Changes in financial reporting have been gradual, but over time we have seen a major transformation in the way information is collected, organized and presented.  I recently observed a fellow subway traveller scrolling through what appeared to be a daily liquidity report for his firm.  This was a powerful demonstration of how mobile executive reporting has evolved.

Contrast this to a decade earlier, when I worked with the head of liquidity for a global bank and had to print out an executive report every morning at 6 a.m. as the bank steered its way through a liquidity storm.  Clearly, a lot has changed in ten years.  Financial institutions have been pressured by regulations and pulled in different directions by their operational needs and the actions of their peers and competitors.

Four elements in particular have powered this transition to mobile executive reporting:

  1. New ways of handling and looking at data. Structural changes to data storage and manipulation, made possible by big data technologies, allow an executive to scroll through a “live” report on the subway or sitting at a kitchen table.  Previously, such a report would take days of work, assembling data from treasury, accounting and risk functions and undertaking numerous and painstaking reconciliations.
  2. Improvements to computation and reporting.  Anyone who has sorted through end-of-month batches and risk-weighted asset computations has wished for a way to dramatically improve computation power. To perform this, computation processes would have to be redesigned and uncoupled, and then used as micro-services applied to the ideal quantities of data.   As massive calculations are executed and retrieved in this manner, the report generation can occur almost instantly.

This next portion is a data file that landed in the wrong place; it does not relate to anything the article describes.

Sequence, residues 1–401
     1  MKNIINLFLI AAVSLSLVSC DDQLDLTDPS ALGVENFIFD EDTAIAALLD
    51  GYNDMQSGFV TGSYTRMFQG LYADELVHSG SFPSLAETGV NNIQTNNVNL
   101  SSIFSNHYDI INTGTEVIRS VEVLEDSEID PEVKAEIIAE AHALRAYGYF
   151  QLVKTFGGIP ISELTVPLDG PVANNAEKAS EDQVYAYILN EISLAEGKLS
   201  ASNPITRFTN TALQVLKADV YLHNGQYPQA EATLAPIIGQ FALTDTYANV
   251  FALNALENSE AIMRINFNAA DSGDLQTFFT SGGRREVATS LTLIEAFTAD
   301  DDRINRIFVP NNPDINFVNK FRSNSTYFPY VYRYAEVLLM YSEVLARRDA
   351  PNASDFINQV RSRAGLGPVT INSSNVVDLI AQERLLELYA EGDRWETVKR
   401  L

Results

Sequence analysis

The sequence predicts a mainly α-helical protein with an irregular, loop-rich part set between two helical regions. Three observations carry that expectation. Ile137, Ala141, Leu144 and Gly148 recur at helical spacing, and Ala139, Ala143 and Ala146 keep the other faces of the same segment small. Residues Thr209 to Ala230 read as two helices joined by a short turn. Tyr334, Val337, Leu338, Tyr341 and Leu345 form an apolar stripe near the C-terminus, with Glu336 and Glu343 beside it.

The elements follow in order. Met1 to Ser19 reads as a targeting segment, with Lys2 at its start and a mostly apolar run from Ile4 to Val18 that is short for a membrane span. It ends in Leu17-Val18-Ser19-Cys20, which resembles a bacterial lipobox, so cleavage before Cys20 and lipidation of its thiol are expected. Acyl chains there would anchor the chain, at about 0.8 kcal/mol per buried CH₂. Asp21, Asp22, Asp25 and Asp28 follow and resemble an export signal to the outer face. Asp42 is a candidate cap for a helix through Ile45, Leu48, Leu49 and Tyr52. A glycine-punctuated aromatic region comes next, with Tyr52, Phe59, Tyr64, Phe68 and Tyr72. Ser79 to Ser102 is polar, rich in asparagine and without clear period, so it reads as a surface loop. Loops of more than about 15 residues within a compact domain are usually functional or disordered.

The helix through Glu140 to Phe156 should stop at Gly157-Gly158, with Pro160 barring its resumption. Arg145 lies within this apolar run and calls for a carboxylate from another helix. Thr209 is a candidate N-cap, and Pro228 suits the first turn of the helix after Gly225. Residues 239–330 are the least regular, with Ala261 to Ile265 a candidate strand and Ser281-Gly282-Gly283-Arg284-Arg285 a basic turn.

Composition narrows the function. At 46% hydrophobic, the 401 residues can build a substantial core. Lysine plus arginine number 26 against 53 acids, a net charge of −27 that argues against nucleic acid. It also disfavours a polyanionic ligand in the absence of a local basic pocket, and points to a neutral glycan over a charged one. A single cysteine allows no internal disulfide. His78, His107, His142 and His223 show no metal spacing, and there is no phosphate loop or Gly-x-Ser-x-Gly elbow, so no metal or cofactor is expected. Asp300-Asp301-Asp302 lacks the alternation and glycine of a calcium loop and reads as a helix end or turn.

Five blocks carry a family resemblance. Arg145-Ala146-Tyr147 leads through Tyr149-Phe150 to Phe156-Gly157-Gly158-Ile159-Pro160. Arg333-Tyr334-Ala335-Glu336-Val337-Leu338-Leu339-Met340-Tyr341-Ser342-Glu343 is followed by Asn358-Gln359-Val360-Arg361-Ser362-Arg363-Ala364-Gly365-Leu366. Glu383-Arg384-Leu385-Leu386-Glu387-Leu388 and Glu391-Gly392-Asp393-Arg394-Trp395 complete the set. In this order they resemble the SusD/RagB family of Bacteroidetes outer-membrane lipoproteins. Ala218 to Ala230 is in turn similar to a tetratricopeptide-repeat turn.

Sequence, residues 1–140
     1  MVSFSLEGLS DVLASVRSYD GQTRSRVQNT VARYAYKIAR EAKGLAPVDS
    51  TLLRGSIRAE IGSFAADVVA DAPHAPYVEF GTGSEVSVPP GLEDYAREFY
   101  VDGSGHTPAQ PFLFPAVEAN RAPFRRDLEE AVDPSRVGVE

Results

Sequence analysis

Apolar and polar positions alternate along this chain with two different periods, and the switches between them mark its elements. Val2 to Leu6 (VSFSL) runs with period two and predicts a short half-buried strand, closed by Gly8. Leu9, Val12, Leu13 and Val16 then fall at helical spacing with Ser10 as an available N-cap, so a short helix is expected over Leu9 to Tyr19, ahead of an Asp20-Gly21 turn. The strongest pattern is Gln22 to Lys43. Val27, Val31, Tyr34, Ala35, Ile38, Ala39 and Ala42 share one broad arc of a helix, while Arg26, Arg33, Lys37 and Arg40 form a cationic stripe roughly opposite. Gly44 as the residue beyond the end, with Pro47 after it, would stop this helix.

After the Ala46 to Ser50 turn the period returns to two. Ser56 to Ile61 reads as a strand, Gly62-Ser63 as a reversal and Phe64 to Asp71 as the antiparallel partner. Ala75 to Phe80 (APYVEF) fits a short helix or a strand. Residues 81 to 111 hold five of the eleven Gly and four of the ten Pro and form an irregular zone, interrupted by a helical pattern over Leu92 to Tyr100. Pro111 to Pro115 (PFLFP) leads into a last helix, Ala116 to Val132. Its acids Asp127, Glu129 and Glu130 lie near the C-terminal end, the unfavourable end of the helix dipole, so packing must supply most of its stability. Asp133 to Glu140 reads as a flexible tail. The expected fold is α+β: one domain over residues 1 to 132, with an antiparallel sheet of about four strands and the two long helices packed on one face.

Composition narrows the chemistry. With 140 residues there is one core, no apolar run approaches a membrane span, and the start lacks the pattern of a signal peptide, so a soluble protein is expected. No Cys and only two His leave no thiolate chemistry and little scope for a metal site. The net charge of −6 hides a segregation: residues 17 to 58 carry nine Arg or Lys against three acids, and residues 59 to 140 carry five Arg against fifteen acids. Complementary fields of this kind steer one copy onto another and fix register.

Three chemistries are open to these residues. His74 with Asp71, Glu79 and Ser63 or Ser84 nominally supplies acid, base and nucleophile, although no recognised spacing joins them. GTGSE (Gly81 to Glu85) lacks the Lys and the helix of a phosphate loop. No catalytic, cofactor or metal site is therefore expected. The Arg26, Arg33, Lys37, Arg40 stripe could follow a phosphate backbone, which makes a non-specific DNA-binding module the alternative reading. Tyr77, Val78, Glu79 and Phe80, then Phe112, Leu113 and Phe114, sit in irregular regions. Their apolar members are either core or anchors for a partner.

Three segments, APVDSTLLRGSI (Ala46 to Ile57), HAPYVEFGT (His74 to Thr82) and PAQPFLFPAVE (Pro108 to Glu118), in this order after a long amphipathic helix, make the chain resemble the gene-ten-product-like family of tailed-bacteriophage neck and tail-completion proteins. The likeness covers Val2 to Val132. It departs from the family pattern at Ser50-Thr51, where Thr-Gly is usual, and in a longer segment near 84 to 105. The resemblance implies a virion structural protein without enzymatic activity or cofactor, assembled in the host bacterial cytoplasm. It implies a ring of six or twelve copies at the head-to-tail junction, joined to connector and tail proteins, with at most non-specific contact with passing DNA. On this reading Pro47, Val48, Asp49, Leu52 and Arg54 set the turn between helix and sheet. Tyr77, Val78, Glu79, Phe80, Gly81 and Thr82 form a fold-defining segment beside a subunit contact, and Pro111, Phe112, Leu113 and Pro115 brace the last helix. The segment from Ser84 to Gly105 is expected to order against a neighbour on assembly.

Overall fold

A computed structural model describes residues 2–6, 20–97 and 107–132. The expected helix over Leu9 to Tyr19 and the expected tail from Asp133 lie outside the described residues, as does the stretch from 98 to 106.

3. Visualization and mobile technology.  Specialized vendors have now built visually compelling ways of displaying data and facilitating interactive reporting.  Enterprise-level providers have also developed enhanced reporting features and mobile device integration. These technologies rely upon strong, versatile integration capabilities and comprehensive data sourcing options.  They bring visualized financial data and computed results to the audience in a tailored, meaningful and flexible content.
  4. Ever-greater demand.  Good information leads to good insights and better decision-making. Arriving at those insights before the competition is essential to effective reporting.  In digital banking, customer insight and analytics are monitored and steered in real-time; other functions are now benefiting from this acceleration, with the need for speed driving innovation in financial analysis and reporting.
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Source: Accenture June 2017

Agile development techniques should allow the four elements of financial analysis and reporting to evolve and grow independently or in tandem as needed.  We can expect to see further rapid evolution for the overall Finance function as it continues its efforts to gather, organize and present information at high speed and with the greatest insight and impact.   In our work with financial institutions, we help CFOs capture tailored insight from integrated information as real-time as possible, and share this across key business leaders to support informed decision making with agility and at high velocity.  We invite you to join our dialogue in the Comments below.

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